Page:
Sent to AAI from its Affiliate the Nigerian Humanist Movement. Originally published in Sahara Reporters.
Stupendously wealthy Nigerian Pentecostal preachers and clerics have
come under serious attack at the two-day national convention of the
Nigerian Humanist Movement (NHM), which ended Saturday afternoon in
Abuja, Nigeria’s capital.
The forum brought together students, children, scholars, government
officials, atheists, sceptics, rationalists, agnostics, freethinkers and
professionals from different fields to discuss Humanism as the next
step in Nigeria.
Declaring open the forum which marked the 15th anniversary of the
birth of the NHM, Leo Igwe, the administrative secretary of the Oyo
State –NHM, told participants that many people across Nigeria and
the world were looking up to them. “Meetings like this should spread
message of reason, science and free inquiry, and usher in an era of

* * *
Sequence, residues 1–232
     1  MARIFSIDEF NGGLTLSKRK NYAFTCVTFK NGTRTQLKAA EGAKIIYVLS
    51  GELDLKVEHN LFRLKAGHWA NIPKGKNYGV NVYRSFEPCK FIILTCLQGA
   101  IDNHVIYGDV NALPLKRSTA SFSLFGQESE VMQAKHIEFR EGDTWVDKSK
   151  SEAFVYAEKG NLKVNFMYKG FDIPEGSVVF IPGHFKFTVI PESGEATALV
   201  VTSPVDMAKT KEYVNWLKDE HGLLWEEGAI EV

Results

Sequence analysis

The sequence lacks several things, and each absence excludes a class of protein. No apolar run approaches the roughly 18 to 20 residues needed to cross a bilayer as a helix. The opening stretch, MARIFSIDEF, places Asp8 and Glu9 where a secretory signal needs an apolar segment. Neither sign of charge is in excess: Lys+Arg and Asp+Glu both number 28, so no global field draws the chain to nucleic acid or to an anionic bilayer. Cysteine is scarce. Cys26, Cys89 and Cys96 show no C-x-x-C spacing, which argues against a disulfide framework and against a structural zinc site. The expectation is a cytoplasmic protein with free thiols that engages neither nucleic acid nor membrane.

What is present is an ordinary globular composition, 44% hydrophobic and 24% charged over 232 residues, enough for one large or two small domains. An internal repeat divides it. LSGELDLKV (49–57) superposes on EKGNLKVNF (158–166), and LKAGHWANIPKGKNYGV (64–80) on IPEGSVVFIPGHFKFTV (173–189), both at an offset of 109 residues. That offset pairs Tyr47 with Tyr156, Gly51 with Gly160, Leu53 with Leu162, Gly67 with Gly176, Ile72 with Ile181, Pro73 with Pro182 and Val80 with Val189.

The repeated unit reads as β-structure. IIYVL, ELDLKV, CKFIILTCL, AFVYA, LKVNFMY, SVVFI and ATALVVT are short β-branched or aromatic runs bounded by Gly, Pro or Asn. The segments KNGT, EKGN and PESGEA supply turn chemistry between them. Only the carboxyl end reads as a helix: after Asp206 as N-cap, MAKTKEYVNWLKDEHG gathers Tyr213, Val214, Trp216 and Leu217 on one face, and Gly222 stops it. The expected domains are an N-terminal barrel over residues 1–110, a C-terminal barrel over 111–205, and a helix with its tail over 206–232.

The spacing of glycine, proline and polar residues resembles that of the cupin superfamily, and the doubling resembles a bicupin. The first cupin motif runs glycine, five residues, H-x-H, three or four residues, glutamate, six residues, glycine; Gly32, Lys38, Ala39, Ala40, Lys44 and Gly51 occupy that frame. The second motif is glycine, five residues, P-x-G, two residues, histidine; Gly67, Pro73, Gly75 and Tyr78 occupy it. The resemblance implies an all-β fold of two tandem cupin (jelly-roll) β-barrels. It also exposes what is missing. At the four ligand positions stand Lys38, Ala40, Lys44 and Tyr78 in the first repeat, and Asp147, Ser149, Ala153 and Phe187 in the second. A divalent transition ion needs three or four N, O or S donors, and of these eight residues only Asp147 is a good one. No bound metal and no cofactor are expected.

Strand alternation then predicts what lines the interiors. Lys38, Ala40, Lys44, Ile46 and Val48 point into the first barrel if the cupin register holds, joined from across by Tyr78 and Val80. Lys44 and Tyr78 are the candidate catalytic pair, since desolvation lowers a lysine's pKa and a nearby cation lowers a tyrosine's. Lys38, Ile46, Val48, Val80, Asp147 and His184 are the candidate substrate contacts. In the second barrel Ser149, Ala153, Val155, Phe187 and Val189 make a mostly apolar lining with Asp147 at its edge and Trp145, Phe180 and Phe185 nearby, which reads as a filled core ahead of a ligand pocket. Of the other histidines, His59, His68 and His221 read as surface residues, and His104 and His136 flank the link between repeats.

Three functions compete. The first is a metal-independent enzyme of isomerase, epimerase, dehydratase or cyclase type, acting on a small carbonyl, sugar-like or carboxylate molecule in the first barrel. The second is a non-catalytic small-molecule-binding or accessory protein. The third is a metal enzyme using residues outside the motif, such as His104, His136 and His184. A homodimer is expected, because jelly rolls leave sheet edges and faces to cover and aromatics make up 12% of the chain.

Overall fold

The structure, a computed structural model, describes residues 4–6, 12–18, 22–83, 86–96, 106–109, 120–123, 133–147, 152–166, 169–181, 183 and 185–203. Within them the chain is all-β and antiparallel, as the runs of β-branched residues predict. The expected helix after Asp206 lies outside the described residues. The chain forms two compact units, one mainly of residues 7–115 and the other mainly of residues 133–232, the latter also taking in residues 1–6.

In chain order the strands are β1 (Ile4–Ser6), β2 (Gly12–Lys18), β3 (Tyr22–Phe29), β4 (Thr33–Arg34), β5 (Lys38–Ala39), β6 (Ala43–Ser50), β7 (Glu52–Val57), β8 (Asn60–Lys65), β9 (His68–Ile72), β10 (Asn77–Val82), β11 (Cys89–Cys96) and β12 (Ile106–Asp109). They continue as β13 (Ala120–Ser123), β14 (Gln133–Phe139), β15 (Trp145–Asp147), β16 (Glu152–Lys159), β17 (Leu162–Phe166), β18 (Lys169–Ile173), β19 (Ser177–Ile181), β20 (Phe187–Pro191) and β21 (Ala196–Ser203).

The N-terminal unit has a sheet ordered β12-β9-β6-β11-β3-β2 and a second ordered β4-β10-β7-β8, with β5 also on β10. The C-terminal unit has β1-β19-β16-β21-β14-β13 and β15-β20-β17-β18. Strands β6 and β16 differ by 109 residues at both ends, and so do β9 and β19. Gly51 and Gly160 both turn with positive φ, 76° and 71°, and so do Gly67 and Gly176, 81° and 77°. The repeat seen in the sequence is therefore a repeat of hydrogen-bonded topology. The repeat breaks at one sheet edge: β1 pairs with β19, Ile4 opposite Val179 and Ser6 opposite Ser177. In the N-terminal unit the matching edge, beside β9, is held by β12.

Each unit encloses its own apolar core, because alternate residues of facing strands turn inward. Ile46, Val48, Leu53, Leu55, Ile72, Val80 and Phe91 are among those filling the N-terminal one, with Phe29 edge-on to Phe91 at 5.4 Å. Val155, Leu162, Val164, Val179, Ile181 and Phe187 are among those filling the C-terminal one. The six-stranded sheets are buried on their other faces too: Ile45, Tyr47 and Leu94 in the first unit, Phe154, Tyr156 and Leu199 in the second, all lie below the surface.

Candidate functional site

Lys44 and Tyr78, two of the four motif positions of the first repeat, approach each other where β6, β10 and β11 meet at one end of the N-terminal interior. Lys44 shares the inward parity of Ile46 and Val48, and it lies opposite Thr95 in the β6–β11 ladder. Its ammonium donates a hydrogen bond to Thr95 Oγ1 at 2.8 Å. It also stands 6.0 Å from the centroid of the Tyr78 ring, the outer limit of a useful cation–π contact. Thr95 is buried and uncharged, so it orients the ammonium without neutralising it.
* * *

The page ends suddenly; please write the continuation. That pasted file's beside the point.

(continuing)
positive and progressive change, hope and light,” he charged.
Originally published in Pakistan Today
Members of Pakistani Atheists and Agnostics trying to make their presence known and reach out to others sharing similar beliefs
KARACHI - They realise that they belong to a country where apostasy
means inviting the risk of death – even if spared by government
authorities and courts, a fanatic mob would certainly not.
But they have still chosen to tread a perilous path in their attempt to
reach out to other Pakistanis sharing similar beliefs and more
importantly, to let the world know they exist. They are a group of
Pakistani atheists called the Pakistani Atheists and Agnostics (PAA).
They first tried to make their presence known two years back by making a
page about their group on Facebook. On August 14 this year, they
launched their website www.e-paa.org that was literally an instant hit.
It received more than 17,000 hits in just 48 hours after its launch from
95 countries, including Saudi Arabia.
How did the idea to bring together Pakistani atheists on a single
platform come up? “When I became an atheist, I honestly thought there
were no others like me in Pakistan. Through discussions on various
social networking groups and forums, I found a few others like me. So we
decided to make this group to find out how many more were out there,”
says Hazrat NaKhuda, one of the founding members of the group. For
obvious reasons, the PAA members go by pseudonyms to protect their